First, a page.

NEW YORK - In 2004, during a deployment to Iraq, former United States Marine Jimmy Castellanos came under fire.
"It wasn't until hours later that we learned that our platoon was hit and that my roommate had been killed," Castellanos said.
It wasn't until a decade later that Castellanos began to process the trauma as a medical student in New York City.
"When I got up in the morning to get ready and I would put on my back pack to go to class, it would always remind me of putting on a pack," Castellanos said. "As ridiculous as it would sound for one millionth of a second, I would always wonder where's my rifle?"
Participants navigate through a number of computer-generated environments. Each scenario is personalized to fit a stressful situation from the past.
"You and I might see an overpass and think, 'Oh, there's an overpass,' and not think twice about it," Difede said. "If you're in that convoy, that's a location for snipers."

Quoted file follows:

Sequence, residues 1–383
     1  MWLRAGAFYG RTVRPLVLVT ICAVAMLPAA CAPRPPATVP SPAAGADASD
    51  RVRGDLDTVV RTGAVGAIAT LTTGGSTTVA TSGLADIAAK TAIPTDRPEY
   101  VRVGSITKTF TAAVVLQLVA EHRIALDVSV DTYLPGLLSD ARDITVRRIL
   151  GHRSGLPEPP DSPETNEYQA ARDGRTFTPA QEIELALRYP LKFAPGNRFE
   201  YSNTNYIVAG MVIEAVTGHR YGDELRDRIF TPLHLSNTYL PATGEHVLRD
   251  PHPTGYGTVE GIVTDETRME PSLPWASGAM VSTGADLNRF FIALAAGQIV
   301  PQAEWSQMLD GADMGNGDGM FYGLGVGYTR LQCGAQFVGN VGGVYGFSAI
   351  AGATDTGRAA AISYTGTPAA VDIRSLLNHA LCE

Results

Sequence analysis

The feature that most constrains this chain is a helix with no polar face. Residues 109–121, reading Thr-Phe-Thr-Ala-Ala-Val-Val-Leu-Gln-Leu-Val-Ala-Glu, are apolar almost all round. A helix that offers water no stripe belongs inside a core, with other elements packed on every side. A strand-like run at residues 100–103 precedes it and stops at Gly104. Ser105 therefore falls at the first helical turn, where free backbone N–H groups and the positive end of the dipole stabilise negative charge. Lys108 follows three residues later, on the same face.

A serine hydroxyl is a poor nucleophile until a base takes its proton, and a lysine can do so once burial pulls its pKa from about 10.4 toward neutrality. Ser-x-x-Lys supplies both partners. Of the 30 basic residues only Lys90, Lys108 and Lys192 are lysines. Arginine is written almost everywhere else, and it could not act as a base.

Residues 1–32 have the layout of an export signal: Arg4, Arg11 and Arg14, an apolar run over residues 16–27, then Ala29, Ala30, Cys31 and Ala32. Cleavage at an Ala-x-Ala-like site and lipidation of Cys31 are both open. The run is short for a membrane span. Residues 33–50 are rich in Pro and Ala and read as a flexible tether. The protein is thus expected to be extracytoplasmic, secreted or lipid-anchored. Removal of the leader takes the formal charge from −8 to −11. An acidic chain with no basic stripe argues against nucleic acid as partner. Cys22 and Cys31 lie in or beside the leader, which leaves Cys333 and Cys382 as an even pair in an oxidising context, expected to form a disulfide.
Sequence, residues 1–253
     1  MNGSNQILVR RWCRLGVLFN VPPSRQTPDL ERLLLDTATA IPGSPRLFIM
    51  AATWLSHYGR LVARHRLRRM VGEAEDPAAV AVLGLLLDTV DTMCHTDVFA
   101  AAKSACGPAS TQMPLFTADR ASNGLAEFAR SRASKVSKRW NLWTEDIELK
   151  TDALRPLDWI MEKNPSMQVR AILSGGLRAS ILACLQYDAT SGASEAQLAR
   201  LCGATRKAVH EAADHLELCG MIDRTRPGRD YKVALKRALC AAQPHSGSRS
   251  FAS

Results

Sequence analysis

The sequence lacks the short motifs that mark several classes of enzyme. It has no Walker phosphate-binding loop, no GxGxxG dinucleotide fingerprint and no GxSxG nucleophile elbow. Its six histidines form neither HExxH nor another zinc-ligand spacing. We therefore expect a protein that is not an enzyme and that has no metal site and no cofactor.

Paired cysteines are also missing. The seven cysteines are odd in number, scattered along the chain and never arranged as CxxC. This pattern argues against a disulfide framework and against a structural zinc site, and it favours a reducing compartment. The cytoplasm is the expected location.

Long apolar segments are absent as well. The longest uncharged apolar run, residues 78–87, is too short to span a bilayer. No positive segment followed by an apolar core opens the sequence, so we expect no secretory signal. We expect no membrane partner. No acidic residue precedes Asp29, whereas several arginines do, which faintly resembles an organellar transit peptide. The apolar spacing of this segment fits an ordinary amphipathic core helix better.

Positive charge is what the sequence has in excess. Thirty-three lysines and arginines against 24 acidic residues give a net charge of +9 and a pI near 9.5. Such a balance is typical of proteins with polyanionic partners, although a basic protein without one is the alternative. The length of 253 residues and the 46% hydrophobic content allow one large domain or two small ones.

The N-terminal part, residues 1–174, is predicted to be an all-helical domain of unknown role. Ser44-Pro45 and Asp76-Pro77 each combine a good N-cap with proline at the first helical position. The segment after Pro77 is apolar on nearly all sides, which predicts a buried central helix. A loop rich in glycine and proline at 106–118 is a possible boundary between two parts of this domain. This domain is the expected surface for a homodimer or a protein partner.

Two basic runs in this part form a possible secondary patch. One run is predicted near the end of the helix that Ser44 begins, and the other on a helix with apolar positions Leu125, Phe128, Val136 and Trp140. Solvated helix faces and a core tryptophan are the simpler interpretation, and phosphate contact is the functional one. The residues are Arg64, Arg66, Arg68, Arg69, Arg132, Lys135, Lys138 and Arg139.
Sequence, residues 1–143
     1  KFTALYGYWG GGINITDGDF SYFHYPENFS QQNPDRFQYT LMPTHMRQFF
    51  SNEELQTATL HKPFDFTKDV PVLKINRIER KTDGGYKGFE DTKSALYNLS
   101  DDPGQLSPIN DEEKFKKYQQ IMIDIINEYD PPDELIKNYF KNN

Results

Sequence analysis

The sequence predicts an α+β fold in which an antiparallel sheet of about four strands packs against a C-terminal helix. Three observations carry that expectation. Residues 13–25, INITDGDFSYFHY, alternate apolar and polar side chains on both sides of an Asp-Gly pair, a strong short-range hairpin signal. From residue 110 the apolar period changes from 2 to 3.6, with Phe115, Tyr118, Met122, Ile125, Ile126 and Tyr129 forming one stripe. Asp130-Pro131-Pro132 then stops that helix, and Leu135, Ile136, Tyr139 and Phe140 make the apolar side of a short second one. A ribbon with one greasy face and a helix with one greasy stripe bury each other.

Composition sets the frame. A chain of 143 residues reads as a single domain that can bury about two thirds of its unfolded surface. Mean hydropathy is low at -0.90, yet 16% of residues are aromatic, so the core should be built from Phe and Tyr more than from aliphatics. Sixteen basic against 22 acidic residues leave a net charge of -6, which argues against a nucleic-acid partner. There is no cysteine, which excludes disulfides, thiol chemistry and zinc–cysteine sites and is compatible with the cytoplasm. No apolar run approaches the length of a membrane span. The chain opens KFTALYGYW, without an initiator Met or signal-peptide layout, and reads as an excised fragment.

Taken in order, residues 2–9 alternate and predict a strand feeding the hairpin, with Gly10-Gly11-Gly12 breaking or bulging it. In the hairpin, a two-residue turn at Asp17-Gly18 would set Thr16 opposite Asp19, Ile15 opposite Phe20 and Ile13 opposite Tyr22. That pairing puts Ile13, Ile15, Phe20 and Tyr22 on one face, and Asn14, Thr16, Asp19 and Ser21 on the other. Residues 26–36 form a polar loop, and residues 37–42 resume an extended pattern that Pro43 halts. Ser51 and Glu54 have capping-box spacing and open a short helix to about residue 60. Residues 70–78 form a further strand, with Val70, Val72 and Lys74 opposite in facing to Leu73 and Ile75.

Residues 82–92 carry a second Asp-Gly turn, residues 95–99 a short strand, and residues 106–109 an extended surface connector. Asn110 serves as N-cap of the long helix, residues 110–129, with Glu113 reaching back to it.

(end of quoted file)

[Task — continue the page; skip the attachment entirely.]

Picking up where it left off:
The scenario is repeated during a 90-minute session once a week for nine weeks.
"The idea of the treatment is to teach the person, their brain, if you will, that those cues aren't scary anymore. Nothing bad is going to happen," explained Difede.
Castellanos said the simulations were tough to watch, at first, but he knows there are countless veterans who could eventually benefit.
"If they had access to this level of therapy, this kind of technology, I think their lives would be changed," said Castellanos.
In addition to the virtual reality scenarios, Difede's trial is also testing how adding a drug that enhances learning impacts the recovery. The virtual reality trial is being conducted at Weill Cornell Medical College in New York, at Walter Reed in D.C. and at the VA hospital in Long Beach, California.
Allentown, PA 18102
- Berks 69 News